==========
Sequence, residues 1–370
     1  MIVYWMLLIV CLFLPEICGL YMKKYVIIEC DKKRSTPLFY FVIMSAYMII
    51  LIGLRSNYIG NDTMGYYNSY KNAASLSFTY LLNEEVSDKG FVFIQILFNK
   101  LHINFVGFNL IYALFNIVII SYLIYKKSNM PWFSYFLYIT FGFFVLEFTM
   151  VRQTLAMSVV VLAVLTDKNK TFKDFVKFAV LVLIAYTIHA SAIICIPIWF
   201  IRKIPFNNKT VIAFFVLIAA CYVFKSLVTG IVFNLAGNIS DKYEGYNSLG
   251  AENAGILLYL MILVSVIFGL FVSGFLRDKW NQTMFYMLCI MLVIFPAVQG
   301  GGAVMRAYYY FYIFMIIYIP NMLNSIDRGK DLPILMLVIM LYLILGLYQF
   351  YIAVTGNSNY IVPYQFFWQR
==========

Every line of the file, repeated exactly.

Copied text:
Sequence, residues 1–370
     1  MIVYWMLLIV CLFLPEICGL YMKKYVIIEC DKKRSTPLFY FVIMSAYMII
    51  LIGLRSNYIG NDTMGYYNSY KNAASLSFTY LLNEEVSDKG FVFIQILFNK
   101  LHINFVGFNL IYALFNIVII SYLIYKKSNM PWFSYFLYIT FGFFVLEFTM
   151  VRQTLAMSVV VLAVLTDKNK TFKDFVKFAV LVLIAYTIHA SAIICIPIWF
   201  IRKIPFNNKT VIAFFVLIAA CYVFKSLVTG IVFNLAGNIS DKYEGYNSLG
   251  AENAGILLYL MILVSVIFGL FVSGFLRDKW NQTMFYMLCI MLVIFPAVQG
   301  GGAVMRAYYY FYIFMIIYIP NMLNSIDRGK DLPILMLVIM LYLILGLYQF
   351  YIAVTGNSNY IVPYQFFWQR